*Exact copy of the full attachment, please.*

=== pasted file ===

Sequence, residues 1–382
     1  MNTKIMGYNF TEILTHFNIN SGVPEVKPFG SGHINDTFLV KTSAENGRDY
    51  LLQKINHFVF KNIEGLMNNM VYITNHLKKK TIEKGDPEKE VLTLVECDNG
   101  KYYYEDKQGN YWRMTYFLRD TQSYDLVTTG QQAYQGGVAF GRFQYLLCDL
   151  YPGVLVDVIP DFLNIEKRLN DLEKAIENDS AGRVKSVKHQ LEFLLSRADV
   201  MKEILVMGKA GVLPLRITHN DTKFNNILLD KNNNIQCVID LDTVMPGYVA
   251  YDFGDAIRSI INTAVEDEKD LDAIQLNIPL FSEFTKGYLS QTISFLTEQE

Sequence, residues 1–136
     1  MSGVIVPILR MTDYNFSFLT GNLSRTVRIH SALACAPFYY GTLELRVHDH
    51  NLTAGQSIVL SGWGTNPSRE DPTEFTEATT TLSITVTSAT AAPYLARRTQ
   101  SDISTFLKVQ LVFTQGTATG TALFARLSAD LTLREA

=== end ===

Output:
Sequence, residues 1–382
     1  MNTKIMGYNF TEILTHFNIN SGVPEVKPFG SGHINDTFLV KTSAENGRDY
    51  LLQKINHFVF KNIEGLMNNM VYITNHLKKK TIEKGDPEKE VLTLVECDNG
   101  KYYYEDKQGN YWRMTYFLRD TQSYDLVTTG QQAYQGGVAF GRFQYLLCDL
   151  YPGVLVDVIP DFLNIEKRLN DLEKAIENDS AGRVKSVKHQ LEFLLSRADV
   201  MKEILVMGKA GVLPLRITHN DTKFNNILLD KNNNIQCVID LDTVMPGYVA
   251  YDFGDAIRSI INTAVEDEKD LDAIQLNIPL FSEFTKGYLS QTISFLTEQE

Sequence, residues 1–136
     1  MSGVIVPILR MTDYNFSFLT GNLSRTVRIH SALACAPFYY GTLELRVHDH
    51  NLTAGQSIVL SGWGTNPSRE DPTEFTEATT TLSITVTSAT AAPYLARRTQ
   101  SDISTFLKVQ LVFTQGTATG TALFARLSAD LTLREA